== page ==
Groundwater Quality in Curaçao: A hydrochemical multi-annual assessment (1977-2021) of a Caribbean island


For this thesis a hydrochemical groundwater survey was carried out on the Caribbean island of Curaçao in 2020 as part of the NWO SEALINK project. In order to be well-adapted against anthropogenic and natural pressures, Curaçao needs representative data, yet thorough hydrochemical datasets were only sparsely collected in the wet seasons of 1977 and 1992. The aim of this thesis was to determine the current chemical state of the groundwater and analyze for long-term pollution trends with an extended database spanning four decades, also including data that was collected in another fieldwork campaign in 2021.

Curaçao was divided into a western and eastern section to facilitate data interpretation. Willemstad is located in the east, with a higher population density and most drinking/wastewater treatment plants and pipelines. The west is less populated, more rural and mostly agricultural. Four geological formations occur: Diabaas, Knip Group, Limestones, and Mid Curaçao Formation, of which the Diabaas is distinctly present as both Diabaas East (DE) and Diabaas West (DW). During the 2020 fieldwork campaign, wells that were sampled in 1992 were revisited (n=96), of which 20 could be remeasured, but 76 were inaccessible. To acquire more data, an additional 71 wells were sampled, bringing the total to 91 (neast=52; nwest=39). To obtain representativity, wells were as homogeneously distributed across the island as fieldwork conditions allowed for. 27 water quality parameters were analyzed in the field and lab (EC, DO, pH, turbidity, T, alkalinity, NO3, NO2, NH4, Al, B, Br, Ca, Cl, Fe, F, K, Mg, Na, Ni, P, PO4, S, Si, SO4, V and Zn). Datasets were assessed with a variety of boxplots, diagrams, descriptive and multivariate statistics (e.g. cluster analysis).

Of the groundwater wells measured in 2020, 29% were fresh, 53% slightly brackish (EC = 1.5 – 5 mS/cm), 17% brackish (5 – 15 mS/cm) and 1% saline. The majority was used for private irrigation (51%) or commercial agriculture (11%). The expectation was that the 2020 and a later obtained 2021 (n=72) dataset could be combined, but the results showed that this was not possible; reasons are further discussed within this thesis. To determine the influence of field methodology, wells measured in 2020 and 2021 (n=8) were compared for EC and sampling strategy, and wells situated closely together (n2020=7; 21-74 m) were assessed for heterogeneity (EC, pH, NO3, Ca, Cl), showing the effects of different sampling techniques (3 mg/L’92,’20,’21=81%, 87%, 65%; NO3>50 mg/L’92,’20,’21=38%, 39%, 47%), likely linked to wastewater and fertilizer inputs. Throughout the years, groundwater acidified, but the rural west did so with a higher onset pH (pH1977=7.83, DW) and steeper decline (ΔpH=0.7) than the urbanized east (pH1977=7.49; ΔpH=0.25, DE). An upward alkalinity trend is observed for the east, but not the west. Eastern acidification is likely caused by leaking wastewater. This is substantiated by higher eastern NO3 concentrations (east: 74±63 mg/L, west: 27±44 mg/L; p<0.001), more exposure to wastewater due to the presence of Willemstad, and a negative correlation between alkalinity and pH only found in the east, probably caused by the conversion of wastewater-related organics to HCO3/H+ . For the rural west, acidification is also attributed to wastewater pollution, but to a much lesser extent than the east. Instead, exploratory assessments point towards a plausible influence of atmospheric pollution spreading westward from the petrochemical facility “Isla Refinería” during its operating years. More vegetation, increasing the degradation of subsurface organic matter, is speculated to have an acidifying effect in the west, but no detailed analyses was done. Overall, further research into the causations and influences on long-term groundwater trends is recommended.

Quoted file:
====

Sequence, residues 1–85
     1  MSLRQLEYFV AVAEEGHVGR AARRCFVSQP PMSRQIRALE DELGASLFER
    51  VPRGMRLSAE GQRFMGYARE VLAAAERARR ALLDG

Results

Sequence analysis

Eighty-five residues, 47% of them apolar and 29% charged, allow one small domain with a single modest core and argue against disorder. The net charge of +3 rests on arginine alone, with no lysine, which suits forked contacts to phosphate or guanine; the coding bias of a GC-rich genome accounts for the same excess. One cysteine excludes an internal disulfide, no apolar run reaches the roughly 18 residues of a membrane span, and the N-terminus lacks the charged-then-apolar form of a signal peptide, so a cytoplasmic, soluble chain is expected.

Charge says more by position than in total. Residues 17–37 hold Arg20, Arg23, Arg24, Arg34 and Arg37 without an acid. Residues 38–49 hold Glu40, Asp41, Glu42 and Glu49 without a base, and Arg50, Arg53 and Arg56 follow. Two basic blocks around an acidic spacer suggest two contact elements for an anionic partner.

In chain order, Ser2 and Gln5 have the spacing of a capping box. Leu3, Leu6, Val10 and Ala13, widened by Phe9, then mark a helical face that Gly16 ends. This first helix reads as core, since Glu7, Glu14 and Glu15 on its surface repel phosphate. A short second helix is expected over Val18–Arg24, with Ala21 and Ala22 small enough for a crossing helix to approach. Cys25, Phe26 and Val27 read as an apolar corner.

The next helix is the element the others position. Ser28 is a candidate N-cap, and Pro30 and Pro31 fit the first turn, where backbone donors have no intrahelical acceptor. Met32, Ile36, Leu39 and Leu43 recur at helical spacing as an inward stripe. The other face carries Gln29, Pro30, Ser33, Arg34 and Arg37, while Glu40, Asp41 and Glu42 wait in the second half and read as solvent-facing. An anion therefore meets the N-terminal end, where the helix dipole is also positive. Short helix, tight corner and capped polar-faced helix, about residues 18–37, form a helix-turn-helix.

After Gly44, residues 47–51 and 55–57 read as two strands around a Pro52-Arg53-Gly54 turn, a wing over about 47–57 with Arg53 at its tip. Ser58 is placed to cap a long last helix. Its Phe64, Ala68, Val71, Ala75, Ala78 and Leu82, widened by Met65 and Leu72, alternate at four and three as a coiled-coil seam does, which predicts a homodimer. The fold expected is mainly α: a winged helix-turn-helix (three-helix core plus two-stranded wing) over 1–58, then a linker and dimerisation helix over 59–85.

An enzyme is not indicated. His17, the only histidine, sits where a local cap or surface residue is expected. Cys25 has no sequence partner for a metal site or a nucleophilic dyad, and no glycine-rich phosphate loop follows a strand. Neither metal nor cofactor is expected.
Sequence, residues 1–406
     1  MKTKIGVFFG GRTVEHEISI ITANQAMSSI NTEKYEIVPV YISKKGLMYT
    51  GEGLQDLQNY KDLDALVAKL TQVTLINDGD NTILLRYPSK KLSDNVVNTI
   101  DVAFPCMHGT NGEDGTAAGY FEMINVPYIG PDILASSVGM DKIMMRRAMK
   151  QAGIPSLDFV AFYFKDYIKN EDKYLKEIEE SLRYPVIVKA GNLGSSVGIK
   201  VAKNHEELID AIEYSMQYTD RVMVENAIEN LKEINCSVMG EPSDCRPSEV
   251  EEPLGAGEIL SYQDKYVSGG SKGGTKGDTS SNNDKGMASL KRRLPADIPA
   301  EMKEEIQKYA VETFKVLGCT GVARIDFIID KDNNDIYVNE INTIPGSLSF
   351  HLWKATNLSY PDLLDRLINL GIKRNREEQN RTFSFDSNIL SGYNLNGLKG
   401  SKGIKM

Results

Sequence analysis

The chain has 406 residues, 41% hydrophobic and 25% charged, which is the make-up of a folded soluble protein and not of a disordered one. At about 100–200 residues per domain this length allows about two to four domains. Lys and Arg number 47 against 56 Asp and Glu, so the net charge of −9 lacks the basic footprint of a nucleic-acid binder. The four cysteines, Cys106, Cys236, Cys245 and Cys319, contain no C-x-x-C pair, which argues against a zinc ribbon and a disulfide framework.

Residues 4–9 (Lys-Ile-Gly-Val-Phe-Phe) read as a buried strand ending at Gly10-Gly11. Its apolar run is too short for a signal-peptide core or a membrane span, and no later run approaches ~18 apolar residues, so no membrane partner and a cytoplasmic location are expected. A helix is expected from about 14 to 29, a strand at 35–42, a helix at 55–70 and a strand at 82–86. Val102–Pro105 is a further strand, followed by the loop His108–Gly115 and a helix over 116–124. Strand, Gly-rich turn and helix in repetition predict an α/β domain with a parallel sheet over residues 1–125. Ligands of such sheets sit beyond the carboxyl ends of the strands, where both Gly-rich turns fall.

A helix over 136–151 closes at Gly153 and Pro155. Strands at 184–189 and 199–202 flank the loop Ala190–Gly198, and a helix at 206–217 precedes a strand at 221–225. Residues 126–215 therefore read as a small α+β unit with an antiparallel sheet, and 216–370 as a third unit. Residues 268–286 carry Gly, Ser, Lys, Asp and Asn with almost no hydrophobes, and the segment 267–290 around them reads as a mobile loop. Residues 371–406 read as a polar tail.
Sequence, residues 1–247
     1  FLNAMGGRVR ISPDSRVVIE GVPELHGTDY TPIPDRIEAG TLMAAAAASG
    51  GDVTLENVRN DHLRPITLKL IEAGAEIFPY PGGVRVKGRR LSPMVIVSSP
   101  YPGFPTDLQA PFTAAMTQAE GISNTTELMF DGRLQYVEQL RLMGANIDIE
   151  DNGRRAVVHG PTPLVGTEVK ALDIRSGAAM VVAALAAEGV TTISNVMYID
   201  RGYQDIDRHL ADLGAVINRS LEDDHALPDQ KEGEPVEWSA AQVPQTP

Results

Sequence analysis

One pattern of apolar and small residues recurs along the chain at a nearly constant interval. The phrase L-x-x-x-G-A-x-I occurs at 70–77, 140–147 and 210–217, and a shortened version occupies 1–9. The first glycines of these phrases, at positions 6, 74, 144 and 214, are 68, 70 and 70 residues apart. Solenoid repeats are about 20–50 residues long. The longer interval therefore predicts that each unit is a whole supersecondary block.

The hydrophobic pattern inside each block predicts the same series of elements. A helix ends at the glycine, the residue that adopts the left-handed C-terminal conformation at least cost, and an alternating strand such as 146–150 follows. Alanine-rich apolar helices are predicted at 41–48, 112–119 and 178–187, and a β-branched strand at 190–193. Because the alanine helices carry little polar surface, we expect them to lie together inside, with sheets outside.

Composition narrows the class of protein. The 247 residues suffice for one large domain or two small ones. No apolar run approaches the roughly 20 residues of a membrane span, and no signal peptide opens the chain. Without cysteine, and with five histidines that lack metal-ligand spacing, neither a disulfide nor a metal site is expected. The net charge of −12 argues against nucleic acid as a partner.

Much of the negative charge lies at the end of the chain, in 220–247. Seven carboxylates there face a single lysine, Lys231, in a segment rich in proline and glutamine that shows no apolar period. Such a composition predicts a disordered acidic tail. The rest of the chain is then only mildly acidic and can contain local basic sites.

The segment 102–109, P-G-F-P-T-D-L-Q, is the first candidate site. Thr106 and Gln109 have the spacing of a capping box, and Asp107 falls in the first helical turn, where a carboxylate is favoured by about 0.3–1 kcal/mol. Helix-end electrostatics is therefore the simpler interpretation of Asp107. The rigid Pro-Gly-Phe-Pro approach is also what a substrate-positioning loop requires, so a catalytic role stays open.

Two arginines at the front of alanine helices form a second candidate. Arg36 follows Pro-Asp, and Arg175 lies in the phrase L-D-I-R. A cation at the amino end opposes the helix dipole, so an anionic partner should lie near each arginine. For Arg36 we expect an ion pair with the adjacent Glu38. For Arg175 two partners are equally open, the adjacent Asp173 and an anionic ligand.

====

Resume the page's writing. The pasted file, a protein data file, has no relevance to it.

As was shown in this thesis, multi-annual datasets are valuable tools to disclose long-term groundwater quality trends regarding contamination, freshening, salinization and acidification. Such knowledge can greatly support the management and protection of groundwater resources and interlinked systems, such as marine aquatic life. This underlines the value of extended research, and also stresses the importance of an accessible network of groundwater wells, allowing for more representative data, further improving the advisory potential of such fieldwork campaigns.

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